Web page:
THE foundation stone for the original St Luke’s Anglican church was laid 110 years ago, and in the years since it’s changed a lot to meet the needs of a new demographic around Maylands.
In 1900 the suburb was staunchly working class, home to workers from the Maylands Brickworks, Aerodrome, Schulstad’s Engineering Works and Mills Pottery.
Despite the bustling population the faithful had to travel to Perth or Guildford for their Sunday worship, so there was great rejoicing on October 20, 1906 when Sir Edward Stone laid the foundation stone. The rectory was completed in 1911.
An expanding congregation meant a new church was needed, which was built in 1931, although the original still stands behind.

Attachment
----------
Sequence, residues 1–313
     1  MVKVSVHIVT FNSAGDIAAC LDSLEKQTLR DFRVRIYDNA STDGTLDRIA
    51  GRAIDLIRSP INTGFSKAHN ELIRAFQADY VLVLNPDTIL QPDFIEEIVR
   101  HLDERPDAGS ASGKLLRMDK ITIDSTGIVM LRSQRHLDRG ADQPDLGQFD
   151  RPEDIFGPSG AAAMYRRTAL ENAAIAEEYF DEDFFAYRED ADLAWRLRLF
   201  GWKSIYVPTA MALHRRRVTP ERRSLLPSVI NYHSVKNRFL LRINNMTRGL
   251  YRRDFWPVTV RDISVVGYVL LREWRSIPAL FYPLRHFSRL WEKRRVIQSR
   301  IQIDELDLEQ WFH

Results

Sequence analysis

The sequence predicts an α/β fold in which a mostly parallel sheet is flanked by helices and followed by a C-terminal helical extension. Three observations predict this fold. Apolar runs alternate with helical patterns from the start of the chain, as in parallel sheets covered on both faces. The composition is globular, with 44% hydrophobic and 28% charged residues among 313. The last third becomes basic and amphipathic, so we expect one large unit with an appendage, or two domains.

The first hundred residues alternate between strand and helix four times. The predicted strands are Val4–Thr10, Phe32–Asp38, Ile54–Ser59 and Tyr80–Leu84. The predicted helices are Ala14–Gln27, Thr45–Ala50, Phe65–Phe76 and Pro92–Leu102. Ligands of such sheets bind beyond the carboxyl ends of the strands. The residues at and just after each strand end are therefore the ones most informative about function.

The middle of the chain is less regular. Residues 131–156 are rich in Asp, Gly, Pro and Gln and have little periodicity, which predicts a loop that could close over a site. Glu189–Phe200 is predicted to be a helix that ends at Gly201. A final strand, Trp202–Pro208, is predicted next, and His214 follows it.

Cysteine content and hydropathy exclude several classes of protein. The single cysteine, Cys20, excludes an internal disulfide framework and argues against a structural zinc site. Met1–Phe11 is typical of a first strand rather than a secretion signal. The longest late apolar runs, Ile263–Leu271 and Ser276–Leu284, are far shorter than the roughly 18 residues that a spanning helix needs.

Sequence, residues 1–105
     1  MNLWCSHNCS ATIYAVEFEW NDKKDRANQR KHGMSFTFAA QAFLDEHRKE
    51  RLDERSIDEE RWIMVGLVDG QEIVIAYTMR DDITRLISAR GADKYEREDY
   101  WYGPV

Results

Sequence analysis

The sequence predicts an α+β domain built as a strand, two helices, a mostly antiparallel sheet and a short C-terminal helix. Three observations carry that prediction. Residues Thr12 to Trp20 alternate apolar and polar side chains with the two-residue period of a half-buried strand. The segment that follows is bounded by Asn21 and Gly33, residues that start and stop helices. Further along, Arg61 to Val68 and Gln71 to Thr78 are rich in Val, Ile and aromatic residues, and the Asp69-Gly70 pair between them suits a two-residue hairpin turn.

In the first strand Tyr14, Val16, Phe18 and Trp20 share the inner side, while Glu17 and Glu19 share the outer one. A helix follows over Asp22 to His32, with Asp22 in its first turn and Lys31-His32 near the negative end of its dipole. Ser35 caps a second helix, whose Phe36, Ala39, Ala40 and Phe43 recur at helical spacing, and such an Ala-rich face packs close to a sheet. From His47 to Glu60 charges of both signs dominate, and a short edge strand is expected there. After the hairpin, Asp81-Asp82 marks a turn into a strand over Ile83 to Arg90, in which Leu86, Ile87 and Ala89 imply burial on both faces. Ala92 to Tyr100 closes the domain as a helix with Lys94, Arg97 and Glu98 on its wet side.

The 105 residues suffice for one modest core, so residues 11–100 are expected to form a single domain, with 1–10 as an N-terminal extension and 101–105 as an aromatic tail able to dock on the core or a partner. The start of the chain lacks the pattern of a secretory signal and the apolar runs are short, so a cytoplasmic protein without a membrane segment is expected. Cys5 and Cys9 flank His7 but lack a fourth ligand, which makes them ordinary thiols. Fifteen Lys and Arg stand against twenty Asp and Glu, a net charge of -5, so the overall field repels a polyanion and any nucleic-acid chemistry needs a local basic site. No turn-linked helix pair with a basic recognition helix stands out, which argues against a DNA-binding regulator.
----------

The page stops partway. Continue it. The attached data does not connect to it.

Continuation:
According to a parishioner’s history compiled from old church records and stories, the church was always progressive: In the 1920s it hosted activist Irene Greenwood, a prominent proponent of getting women involved in politics.
As the suburb went through tough times and the demographic became poorer, an op shop was opened. Fortnightly “rainbow lunches” to help people with mental health issues socialise were established, as was a program to deliver gifts to children of prisoners.
When refugees from the Middle East and Africa started moving into town the church welcomed them into the fold, incorporating traditional dances and singing from their homelands into weddings and baptism services. The Nyoongar traditional owners of the land were also acknowledged before every service.
The service to mark St Luke’s 110th year is tomorrow, Sunday October 16 at 9am.
by DAVID BELL